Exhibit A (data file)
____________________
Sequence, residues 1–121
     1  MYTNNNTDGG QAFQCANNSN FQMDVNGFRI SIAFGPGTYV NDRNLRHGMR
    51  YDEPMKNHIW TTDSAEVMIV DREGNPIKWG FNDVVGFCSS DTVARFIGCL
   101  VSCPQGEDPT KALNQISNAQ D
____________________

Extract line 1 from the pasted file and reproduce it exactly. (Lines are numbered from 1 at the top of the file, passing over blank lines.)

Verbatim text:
Sequence, residues 1–121